The Niigata Municipal Government is appealing a court ruling that recognized late-onset Minamata disease, which is caused by mercury poisoning from industrial pollution.

The Niigata District Court ruled May 30 that clear symptoms of the disease can appear long after the intake of methyl mercury and urged the city to grant seven plaintiffs with the government help that goes to officially recognized victims.

The municipal government filed the appeal Monday with the Tokyo High Court.

Minamata disease was confirmed in Niigata in 1965 after people who ate fish from the Agano River developed symptoms such as loss of sensation in limbs and tunnel vision. A Showa Denko chemical plant had released mercury-tainted waste water into the river.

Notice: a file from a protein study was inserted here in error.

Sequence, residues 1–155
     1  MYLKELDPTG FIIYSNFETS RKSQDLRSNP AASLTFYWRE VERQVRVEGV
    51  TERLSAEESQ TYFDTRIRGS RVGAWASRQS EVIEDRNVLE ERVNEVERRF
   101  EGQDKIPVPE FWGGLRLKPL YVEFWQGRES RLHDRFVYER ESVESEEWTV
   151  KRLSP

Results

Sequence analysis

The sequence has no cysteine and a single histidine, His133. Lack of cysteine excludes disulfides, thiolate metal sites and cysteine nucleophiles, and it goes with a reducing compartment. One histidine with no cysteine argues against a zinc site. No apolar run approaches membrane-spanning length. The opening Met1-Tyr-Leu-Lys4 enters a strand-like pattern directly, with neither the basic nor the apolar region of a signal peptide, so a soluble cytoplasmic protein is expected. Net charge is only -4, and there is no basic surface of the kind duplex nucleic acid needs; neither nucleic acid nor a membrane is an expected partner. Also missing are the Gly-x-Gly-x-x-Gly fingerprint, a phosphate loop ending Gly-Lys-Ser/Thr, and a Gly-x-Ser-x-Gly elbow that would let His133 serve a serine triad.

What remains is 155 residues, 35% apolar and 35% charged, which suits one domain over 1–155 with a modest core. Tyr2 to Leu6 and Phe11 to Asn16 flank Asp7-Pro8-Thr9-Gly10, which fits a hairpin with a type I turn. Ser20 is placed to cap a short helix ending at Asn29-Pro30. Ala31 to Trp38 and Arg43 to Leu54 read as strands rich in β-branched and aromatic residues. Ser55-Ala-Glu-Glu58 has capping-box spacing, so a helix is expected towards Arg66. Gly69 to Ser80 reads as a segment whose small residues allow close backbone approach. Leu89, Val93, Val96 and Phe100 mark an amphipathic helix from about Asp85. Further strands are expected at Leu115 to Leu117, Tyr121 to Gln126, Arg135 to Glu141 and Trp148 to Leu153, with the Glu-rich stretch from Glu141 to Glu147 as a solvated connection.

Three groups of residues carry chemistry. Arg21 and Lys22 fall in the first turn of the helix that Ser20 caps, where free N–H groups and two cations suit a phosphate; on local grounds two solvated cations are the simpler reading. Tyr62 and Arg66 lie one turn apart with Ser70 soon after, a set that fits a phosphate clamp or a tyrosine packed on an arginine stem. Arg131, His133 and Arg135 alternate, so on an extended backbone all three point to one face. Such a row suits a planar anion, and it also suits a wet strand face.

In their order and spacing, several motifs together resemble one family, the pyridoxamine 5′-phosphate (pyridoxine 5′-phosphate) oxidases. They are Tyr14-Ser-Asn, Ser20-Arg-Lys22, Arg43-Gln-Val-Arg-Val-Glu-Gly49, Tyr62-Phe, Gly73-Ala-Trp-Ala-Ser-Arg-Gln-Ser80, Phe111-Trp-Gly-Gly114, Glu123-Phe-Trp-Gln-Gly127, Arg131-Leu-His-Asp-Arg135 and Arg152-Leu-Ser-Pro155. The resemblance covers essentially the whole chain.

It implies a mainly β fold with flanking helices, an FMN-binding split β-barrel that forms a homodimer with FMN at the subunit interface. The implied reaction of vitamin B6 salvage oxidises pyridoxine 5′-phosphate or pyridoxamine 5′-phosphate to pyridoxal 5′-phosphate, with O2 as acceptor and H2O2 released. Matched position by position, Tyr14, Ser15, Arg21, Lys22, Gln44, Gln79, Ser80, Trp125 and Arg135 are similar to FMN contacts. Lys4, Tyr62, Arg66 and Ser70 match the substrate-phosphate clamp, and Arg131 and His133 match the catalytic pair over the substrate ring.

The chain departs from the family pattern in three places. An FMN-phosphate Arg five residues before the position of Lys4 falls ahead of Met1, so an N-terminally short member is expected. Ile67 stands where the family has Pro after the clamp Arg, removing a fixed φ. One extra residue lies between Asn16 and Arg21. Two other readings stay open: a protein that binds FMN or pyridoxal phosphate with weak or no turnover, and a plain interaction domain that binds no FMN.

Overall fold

The disease was first discovered in Kumamoto Prefecture, and it was officially recognized by Japanese health authorities in 1956.

Niigata Mayor Akira Shinoda said in a statement released Monday that opinions are still divided over the recognition of late-onset Minamata disease, and that accepting the ruling could lead to "confusion" in recognizing official patients of the disease.

The Niigata District Court said in its ruling that in milder cases, people with Minamata disease only exhibit symptoms of impaired sensation and urged the city to accept the seven plaintiffs as patients of the disease under the pollution-related health damage compensation act.

At the same time, the district court rejected the claims of two other plaintiffs fighting for such recognition. These two people filed an appeal on Friday.